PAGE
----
Dietary polyamine intake and polyamines measured in urine

Ashley J. Vargas, Erin L. Ashbeck, Cynthia A. Thomson, Eugene W. Gerner, Patricia A. Thompson

Research output: Contribution to journalArticlepeer-review

11 Scopus citations


Dietary polyamines have recently been associated with increased risk of pre-malignant colorectal lesions. Because polyamines are synthesized in cells and taken up from dietary sources, development of a biomarker of exposure is challenging. Excess polyamines are primarily excreted in the urine. This pilot study seeks to identify dietary correlates of excreted urinary polyamines as putative biomarkers of exposure. Dietary polyamines/other nutrients were estimated from a food frequency questionnaire (FFQ) and correlated with urinary levels of acetylated polyamines in 36 men using 24-h urine samples. Polyamines, abundant in cheese and citrus, were highly positively correlated with urinary N8-acetylspermidine (correlation coefficient; r = 0.37, P = 0.03), but this correlation was attenuated after adjustment for total energy intake (r = 0.07, P = 0.68). Dietary energy intake itself was positively correlated with urinary total acetylated polyamine output (r =.40, P = 0.02). In energy-adjusted analyses, folic acid and folate from food were associated with urinary N1,N12-diacetylspermine (r = 0.34, P = 0.05 and r =-0.39, P = 0.02, respectively). Red meat negatively correlated with total urinary acetylated polyamines (r =-0.42, P = 0.01). Our findings suggest that energy, folate, folic acid, saturated fat, and red meat intake, as opposed to FFQ-estimated dietary polyamines, are correlated with urinary polyamines.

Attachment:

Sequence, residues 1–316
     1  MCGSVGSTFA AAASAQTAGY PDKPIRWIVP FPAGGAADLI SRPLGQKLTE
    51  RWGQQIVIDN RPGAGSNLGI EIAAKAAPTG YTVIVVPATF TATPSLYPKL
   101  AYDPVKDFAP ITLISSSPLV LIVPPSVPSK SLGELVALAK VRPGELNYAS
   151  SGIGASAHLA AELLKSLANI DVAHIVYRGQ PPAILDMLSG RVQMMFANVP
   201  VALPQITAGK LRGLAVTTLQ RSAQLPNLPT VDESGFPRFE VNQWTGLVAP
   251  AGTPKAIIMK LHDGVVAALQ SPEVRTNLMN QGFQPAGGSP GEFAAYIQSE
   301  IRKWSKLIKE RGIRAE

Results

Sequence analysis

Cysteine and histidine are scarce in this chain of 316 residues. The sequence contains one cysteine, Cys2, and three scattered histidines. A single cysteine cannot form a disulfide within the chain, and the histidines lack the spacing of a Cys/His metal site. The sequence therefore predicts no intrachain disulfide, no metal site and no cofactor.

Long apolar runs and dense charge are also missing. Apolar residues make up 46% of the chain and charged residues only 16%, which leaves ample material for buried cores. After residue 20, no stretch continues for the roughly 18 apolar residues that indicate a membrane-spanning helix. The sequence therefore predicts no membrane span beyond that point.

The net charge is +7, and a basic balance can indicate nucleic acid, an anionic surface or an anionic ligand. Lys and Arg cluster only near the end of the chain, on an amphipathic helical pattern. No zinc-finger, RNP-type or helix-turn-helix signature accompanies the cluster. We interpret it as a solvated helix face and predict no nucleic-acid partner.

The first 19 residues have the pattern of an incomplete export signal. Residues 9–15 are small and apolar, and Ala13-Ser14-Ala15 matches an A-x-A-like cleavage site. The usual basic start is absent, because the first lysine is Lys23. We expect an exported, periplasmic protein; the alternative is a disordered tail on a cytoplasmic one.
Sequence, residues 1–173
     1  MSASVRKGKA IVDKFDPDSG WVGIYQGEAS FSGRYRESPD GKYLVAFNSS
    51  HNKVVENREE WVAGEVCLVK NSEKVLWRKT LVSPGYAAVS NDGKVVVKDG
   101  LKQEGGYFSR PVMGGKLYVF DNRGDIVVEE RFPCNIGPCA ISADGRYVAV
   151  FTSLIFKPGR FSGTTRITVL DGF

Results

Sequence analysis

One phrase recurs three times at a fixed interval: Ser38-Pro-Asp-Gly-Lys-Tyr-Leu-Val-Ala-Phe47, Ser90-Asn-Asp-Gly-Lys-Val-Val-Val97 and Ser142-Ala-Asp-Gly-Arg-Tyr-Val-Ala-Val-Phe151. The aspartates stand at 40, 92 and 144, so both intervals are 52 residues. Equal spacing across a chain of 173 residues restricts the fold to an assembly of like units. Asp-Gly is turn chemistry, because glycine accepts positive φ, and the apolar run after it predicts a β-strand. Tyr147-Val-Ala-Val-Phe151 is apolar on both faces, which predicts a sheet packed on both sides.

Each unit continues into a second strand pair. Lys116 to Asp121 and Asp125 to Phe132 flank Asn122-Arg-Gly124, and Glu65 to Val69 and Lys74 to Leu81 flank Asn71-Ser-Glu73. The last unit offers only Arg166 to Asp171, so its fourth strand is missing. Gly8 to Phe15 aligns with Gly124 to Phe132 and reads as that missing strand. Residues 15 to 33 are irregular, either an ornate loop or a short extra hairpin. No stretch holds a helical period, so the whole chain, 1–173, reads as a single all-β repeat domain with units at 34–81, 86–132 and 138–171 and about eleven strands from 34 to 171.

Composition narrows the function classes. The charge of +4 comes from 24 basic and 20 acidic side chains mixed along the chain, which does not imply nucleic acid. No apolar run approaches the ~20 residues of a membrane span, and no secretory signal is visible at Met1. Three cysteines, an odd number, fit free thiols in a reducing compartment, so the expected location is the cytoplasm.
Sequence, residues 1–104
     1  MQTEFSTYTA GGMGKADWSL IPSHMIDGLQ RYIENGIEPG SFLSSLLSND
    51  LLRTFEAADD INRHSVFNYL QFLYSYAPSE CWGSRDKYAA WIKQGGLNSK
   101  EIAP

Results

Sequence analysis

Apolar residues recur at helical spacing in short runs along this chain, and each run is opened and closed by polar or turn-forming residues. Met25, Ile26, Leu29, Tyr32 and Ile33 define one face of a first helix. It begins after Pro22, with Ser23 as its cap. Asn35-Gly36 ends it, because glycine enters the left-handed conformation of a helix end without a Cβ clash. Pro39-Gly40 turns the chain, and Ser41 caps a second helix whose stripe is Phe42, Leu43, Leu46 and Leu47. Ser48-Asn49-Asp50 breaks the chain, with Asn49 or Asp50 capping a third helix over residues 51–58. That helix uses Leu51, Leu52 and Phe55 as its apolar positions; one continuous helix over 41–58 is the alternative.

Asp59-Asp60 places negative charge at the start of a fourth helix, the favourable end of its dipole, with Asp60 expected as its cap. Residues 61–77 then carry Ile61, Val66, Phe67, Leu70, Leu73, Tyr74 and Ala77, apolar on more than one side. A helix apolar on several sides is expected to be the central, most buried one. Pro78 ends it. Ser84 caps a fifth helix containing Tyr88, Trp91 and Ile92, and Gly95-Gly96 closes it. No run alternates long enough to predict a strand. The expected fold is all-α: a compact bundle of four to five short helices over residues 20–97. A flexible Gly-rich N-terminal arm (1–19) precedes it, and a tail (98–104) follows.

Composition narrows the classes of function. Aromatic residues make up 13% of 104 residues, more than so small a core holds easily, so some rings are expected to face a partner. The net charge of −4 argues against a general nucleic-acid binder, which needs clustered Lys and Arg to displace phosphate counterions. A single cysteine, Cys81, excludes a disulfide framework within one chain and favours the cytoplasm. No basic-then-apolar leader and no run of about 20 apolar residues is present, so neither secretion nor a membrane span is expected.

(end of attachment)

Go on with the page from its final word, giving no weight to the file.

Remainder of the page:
Original languageEnglish (US)
Pages (from-to)1144-1153
Number of pages10
JournalNutrition and cancer
Issue number7
StatePublished - Oct 25 2014

ASJC Scopus subject areas

  • Medicine (miscellaneous)
  • Oncology
  • Nutrition and Dietetics
  • Cancer Research


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